Scanning, indexing, and storing microfilms for the International Epidemiology Institute
The International Epidemiology Institute was founded in 1994 by senior scientists at the National Cancer Institute. They needed access to the medical records of the Radium Girls, which were girls who worked for the U.S. Radium Corporation (USRC) and were exposed to radiation during the early 20th century.
Corporations employed over 4,000 workers to paint watch faces with radium in the U.S. and Canada. Workers used camel hair brushes to paint the dials with glowing paint, and over time, the brushes would lose shape after a few strokes so that they would point them with their lips ("lip, dip, paint") or use their tongues to keep them sharp. Because the true nature of radium was not disclosed to the Radium Girls, they painted their nails, teeth, and faces with the deadly paint produced by the factory for fun.
As a result, all their medical records were microfilmed for use in research and a lawsuit against the USRC. The lawsuit and publicity resulting from it led to the establishment of occupational disease labor law. Radium dial painters were instructed in proper safety precautions and provided with protective gear. For example, they no longer shaped brushes with their lips and avoided ingesting the paint or breathing it in as radium paint was still used in dials as late as the 1970s.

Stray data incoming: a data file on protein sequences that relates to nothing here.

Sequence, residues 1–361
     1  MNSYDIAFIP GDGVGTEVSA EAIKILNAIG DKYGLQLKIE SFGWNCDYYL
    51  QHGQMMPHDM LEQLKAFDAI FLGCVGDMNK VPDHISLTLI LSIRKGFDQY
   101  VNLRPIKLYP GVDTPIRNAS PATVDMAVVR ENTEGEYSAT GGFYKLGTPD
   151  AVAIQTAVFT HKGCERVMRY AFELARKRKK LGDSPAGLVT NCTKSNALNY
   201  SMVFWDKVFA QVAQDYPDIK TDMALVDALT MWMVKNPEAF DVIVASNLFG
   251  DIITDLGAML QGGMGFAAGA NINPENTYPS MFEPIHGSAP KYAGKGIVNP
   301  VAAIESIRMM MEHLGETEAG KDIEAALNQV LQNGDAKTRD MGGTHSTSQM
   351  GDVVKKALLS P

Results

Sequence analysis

Due to the historical significance of the incident, the IEI decided to preserve essential records by digitizing the microfilms.
At the start of the project, microfilm reels were shipped from IEI's Virginia headquarters to MSI's ultra-secure, HIPAA-compliant Denver facility. We converted the reels to PDF and then indexed each record by patient name if the staff needed to find records by that name. The images were then sent to IEI's Health Record Information System (HRIS), so staff members could access information remotely.
As a result of the microfilm digitization project, the staff now has access to the information contained on legacy reels. In addition, health and research agencies no longer have to work with old reels of film because patient data has been centralized, allowing them to access information within a short time rather than weeks.
In addition to digitizing the information from microfilm, the preservation of Radium Girls’ reels has granted additional relief and created an opportunity for justice for those affected by the incident.